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Hate Speech, Classification, Code-switching, Feature selection, Machine learning
This study examines the problem of hate speech identification in codeswitched text from social media using a natural language processing approach. It explores different features in training nine models and empirically evaluates their predictiveness in identifying hate speech in a ~50k human-annotated dataset. The study espouses a novel approach to handle this challenge by introducing a hierarchical approach that employs Latent Dirichlet Analysis to generate topic models that help build a high-level Psychosocial feature set that we acronym PDC. PDC groups similar meaning words in word families, which is significant in capturing codeswitching during the preprocessing stage for supervised learning models. The high-level PDC features generated are based on a hate speech annotation framework  that is largely informed by the duplex theory of hate . Results obtained from frequency-based models using the PDC feature on the dataset comprising of tweets generated during the 2012 and 2017 presidential elections in Kenya indicate an f-score of 83% (precision: 81%, recall: 85%) in identifying hate speech. The study is significant in that it publicly shares a unique codeswitched dataset for hate speech that is valuable for comparative studies. Secondly, it provides a methodology for building a novel PDC feature set to identify nuanced forms of hate speech, camouflaged in codeswitched data, which conventional methods could not adequately identify.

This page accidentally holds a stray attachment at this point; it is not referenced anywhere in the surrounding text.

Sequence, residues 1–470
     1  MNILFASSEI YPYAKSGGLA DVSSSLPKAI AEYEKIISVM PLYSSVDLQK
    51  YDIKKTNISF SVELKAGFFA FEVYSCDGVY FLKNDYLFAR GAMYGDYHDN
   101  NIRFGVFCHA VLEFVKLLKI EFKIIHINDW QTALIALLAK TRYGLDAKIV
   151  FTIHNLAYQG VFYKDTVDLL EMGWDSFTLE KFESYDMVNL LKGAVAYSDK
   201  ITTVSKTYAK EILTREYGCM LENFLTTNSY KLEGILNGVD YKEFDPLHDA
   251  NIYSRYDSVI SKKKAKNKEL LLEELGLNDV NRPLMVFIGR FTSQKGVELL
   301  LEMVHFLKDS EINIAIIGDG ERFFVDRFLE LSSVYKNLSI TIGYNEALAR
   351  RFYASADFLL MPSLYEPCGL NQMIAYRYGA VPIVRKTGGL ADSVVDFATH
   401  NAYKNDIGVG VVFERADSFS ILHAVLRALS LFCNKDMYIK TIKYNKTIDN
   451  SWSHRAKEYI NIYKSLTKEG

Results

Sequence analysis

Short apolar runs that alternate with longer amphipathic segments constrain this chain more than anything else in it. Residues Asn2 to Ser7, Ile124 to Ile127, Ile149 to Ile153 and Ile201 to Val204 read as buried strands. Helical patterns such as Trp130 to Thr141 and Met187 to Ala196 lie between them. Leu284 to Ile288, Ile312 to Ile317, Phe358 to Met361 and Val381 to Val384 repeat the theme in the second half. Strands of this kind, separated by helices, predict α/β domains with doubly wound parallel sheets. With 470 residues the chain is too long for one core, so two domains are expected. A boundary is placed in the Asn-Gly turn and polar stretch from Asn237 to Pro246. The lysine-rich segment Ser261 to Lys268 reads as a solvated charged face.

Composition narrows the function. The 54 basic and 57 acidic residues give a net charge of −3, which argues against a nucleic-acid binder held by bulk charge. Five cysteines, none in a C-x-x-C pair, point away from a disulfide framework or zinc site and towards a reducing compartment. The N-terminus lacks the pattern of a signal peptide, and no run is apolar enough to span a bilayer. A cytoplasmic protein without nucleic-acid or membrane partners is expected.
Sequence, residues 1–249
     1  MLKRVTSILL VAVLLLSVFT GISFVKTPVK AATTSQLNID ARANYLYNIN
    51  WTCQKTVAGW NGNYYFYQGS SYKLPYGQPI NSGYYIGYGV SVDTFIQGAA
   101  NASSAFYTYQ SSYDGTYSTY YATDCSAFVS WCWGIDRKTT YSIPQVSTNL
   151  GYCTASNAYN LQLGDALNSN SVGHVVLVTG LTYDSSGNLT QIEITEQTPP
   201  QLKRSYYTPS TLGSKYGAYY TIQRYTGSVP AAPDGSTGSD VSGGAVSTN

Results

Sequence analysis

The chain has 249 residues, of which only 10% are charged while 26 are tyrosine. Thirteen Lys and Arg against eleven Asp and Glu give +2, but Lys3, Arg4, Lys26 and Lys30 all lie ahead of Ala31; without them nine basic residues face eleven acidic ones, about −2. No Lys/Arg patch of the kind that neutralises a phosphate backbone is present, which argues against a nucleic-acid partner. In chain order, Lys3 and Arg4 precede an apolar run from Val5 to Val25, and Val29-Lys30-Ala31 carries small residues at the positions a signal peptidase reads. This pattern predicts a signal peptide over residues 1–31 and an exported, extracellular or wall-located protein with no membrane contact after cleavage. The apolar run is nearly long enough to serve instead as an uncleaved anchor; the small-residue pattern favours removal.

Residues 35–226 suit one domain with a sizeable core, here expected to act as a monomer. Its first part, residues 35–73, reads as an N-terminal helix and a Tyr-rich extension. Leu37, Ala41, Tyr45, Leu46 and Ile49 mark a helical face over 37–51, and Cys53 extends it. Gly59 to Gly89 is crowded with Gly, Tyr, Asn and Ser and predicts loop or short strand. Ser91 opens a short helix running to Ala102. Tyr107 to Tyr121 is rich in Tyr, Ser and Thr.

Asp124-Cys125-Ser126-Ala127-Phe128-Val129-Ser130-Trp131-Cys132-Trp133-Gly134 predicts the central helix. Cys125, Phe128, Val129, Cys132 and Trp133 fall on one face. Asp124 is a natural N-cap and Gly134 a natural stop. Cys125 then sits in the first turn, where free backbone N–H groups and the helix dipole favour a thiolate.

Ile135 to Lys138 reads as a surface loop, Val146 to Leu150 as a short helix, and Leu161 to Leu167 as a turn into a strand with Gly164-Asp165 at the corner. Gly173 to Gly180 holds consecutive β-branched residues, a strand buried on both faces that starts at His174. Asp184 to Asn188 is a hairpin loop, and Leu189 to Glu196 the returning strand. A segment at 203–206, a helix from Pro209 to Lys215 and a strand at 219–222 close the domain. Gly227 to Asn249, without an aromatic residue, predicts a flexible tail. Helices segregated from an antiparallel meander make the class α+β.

Edward Ombui, Lawrence Muchemi, Peter Wagach, "Psychosocial Features for Hate Speech Detection in Code-switched Texts", International Journal of Information Technology and Computer Science(IJITCS), Vol.13, No.6, pp.29-47, 2021. DOI:10.5815/ijitcs.2021.06.03
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